Natixis’ survey busted the conventional wisdom that ESG adoption has been driven by socially conscious Millennials who want their assets to drive environmental, social and ethical change. While ESG investors do skew younger, broad adoption and interest suggests ESG investing now appeals to mainstream investors. One in four (27%) Millennials say they are invested in ESG approaches, but so do 20% of those in Generation X and 18% of Baby Boomers. Moreover, interest in ESG investing is high across all age segments, including 52% of Millennials, 52% of Generation Xers and 44% of Baby Boomers.
Only one in five investors believe that investing in ESG approaches means sacrificing investment performance. Investor sentiment has shifted dramatically since 2017, when Natixis found 64% of investors surveyed believe they would need to sacrifice some return potential to have investments that match their personal values. Just 22% say a lack of information on non-financial performance keeps them from allocating to ESG investments.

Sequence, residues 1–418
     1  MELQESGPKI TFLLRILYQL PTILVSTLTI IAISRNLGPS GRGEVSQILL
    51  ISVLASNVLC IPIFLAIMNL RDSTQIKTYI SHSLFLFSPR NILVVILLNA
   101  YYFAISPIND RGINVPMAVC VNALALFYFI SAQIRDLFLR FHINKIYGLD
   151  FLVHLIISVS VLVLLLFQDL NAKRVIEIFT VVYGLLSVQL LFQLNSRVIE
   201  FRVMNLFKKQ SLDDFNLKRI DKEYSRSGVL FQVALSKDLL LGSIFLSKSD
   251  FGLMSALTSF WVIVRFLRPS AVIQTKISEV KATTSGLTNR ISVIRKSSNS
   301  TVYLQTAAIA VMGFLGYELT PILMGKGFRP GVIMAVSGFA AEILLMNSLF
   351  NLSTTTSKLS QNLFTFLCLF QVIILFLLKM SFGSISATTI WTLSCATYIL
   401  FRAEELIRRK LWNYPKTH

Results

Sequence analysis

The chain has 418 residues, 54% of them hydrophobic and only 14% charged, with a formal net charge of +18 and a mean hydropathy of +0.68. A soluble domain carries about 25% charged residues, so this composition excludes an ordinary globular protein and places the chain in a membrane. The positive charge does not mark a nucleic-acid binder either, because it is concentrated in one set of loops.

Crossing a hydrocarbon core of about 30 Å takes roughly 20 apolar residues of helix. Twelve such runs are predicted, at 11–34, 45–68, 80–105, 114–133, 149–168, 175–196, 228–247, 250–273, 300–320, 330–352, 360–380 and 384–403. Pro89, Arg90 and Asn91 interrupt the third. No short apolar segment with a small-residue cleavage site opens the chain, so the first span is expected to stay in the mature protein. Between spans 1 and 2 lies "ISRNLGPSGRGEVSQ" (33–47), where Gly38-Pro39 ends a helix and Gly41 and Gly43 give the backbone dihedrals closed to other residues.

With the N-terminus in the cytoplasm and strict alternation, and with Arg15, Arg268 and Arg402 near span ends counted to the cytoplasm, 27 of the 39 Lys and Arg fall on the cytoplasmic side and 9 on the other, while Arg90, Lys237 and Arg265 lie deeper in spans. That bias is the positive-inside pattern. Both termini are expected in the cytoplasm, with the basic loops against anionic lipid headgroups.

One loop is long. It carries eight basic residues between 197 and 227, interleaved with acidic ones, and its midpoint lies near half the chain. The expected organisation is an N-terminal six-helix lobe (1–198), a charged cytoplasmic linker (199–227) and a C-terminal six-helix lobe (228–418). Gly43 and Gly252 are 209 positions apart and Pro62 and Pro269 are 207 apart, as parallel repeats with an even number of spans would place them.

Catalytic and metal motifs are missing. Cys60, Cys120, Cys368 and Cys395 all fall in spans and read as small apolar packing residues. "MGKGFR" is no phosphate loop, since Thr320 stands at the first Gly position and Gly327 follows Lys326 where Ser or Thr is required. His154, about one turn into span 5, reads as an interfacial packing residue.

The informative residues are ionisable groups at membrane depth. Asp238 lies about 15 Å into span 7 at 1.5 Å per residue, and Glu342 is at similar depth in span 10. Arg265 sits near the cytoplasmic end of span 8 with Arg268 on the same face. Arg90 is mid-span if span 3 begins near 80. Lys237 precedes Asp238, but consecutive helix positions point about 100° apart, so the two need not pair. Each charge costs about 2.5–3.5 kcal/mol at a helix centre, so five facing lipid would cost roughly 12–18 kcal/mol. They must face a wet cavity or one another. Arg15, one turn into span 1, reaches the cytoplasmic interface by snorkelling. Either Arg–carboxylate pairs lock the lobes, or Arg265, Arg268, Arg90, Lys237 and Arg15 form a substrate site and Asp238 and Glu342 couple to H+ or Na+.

“First, we were surprised to see that there was a higher percentage of investors in North America (28%), and more specifically the U.S. (32%) who said they are invested in ESG strategies,” says Dave Goodsell, executive director of Natixis Investment Managers Center for Investor Insight. “The common assumptions would be that Europeans would be more likely to invest in ESG, but only 22% in the region say they do today.
“We were also surprised to see that investors look at ESG with a sort of enlightened self-interest. The individuals we surveyed were just as likely to see financial potential of ESG as much as the environmental and social benefits. That goes hand in hand with the trend we’ve seen with institutional investors in recent years,” he says.
Goodsell adds, “Since we first started polling on ESG, the financial rationale has become clearer for institutions as well. In 2015, institutions most often told us they invested in ESG because it was mandated by their investment policy statement. Since then, more institutions are finding that ESG offers alpha potential (10% in 2015 vs. 62% in 2021) and the potential for better risk adjusted returns (15% in 2015 vs. 29% in 2021).”